On Sleep Deprivation, That Rare Form of Torture
June 5, 2010
Among the many things that weighed on my pre-baby brain— from potential health complications to the state of our world— impending sleep deprivation ranked at the top. As it turned out, too, it was (compared with health scares and anxiety over world affairs) the most substantiated of my concerns. In the weeks after a baby arrives, new parents are entirely preoccupied, and in most cases well cared-for by friends and family, so thus provided a natural buffer against news of wars, earthquakes and oil spills. And, in most cases, a happy, healthy baby immediately dispels the “what if something’s wrong with him?” thoughts that creep in before birth. But sleep deprivation… that hits new parents like a sack of bricks, night after night, from the moment their little bundles come kicking joyfully into the world.
I was worried about it before Kaspar arrived because I knew that one night of too-late socializing or fitful sleep took its tangible toll on me. After just one such night, my next-day coping mechanisms, attention span, and overall coherence as a human being would be noticeably out of whack. While pregnant, and getting up countless times each night to pee, I noted that my brain and body just barely got me to the bathroom and back. How, I wondered, would I manage to change diapers and feed a hungry, helpless infant in this kind of state when the time came?
Then, as we all have, I learned the answer: new moms have super powers. Or we just pony up. But one way or another, we drag ourselves out of bed at three in the morning and change those diapers, feed our babies, and kiss them, too (maybe saying “Why? Whhhyyy?”, but whatever). We do it, but it’s not easy. Not even close.
Between labor’s magnitude as a physical event, the hormonal hailstorm that follows, the gravity of emotions that a baby brings forth (a whole new level of happiness among them), the influx of visitors and the mounting piles of laundry, a new baby requires enormous adjustments for individuals and couples alike. Why, then, would nature deprive us of our central sanity-saving device—sleep— during this crucial transition period? I don’t know. Some kind of sick joke, perhaps. All I know is that it sucks not to sleep. It makes things really hard. While “resting when the baby’s resting” during the day is a nice idea, it’s not very realistic, and I definitely didn’t abide by it. I did, however, find that after some weeks of only three or four hours’ combined nightly sleep, my brain and body adjusted. I felt less tired, and more alert, during the day, and I didn’t waste any time passing out as soon as the opportunity presented itself in the evening.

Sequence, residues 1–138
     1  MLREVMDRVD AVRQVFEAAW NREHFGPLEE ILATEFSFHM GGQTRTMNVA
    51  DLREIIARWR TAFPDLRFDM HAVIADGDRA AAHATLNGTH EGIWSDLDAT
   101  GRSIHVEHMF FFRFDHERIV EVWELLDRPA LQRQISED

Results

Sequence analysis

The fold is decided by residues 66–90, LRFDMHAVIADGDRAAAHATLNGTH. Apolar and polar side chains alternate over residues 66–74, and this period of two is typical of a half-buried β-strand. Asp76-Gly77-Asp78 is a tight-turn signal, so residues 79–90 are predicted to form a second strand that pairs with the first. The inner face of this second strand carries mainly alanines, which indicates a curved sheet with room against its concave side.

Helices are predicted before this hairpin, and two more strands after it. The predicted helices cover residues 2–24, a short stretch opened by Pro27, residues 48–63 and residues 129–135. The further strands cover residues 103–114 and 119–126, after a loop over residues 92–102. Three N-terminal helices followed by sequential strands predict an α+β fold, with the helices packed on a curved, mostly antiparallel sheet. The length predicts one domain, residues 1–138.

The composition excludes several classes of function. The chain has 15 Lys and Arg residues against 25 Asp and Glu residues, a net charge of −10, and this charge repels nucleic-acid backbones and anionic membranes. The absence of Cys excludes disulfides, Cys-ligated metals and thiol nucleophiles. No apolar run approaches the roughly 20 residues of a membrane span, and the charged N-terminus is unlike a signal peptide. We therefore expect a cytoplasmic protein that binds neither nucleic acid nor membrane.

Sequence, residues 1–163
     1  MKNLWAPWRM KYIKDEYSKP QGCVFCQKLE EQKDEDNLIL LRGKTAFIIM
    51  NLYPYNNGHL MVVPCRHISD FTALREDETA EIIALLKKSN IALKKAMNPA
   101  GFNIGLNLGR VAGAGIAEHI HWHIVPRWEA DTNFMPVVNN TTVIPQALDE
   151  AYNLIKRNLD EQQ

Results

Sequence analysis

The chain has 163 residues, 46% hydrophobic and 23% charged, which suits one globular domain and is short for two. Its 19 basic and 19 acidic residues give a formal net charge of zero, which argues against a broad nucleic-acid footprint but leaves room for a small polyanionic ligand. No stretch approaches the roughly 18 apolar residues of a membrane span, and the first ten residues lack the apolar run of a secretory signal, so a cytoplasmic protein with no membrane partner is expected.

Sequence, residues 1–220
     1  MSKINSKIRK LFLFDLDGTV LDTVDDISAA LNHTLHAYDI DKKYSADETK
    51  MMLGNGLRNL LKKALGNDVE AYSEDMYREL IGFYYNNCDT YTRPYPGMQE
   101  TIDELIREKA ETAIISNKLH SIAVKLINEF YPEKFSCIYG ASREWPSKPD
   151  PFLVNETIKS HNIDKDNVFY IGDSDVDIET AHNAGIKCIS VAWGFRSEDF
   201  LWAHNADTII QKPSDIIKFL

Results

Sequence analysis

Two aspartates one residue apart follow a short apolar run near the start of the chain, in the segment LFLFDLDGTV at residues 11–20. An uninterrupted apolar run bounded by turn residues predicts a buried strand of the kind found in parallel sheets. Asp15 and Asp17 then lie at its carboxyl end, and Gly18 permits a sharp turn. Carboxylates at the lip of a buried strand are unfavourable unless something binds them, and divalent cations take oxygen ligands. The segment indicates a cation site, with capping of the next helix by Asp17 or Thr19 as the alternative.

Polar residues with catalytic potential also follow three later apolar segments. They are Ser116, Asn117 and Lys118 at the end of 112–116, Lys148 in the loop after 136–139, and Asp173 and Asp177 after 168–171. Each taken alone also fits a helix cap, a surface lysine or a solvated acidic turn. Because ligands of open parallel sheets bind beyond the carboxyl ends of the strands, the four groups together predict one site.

Soon after this, a beautiful (like, light streaming from the heavens beautiful) process began to unfold. Kaspar started sleeping for longer stretches, and his feedings—which had taken two hours at a pop in the beginning—became increasingly brief. Then he slept through the night. Then he didn’t sleep through the night again, but we’d had a taste of freedom, and knew we were in the home stretch. Kaspar’s slept straight through seven of the past ten nights, and on those three when he’s woken up, he’s sucked a bottle down without so much as opening his eyes, turned out a cute little burp, and landed peacefully back in his crib in a total of fifteen minutes (way to go, little buddy!).
So anyway. Last night he was up three times, just because I was planning to write about this. But my point remains the same. Sleep deprivation is horrible. It makes people crazy and makes couples argue. It makes eyes blurry and can certainly make you cry. But, it gets better, and we can definitely get through it intact.
When did your babies start consistently sleeping through the night? What were your survival strategies when they weren’t (I finally broke down and joined Facebook)? If you’re sleep deprived right now, go ahead and share your thoughts on that (we know you love your children, but you don’t have to love the way they torture you at night).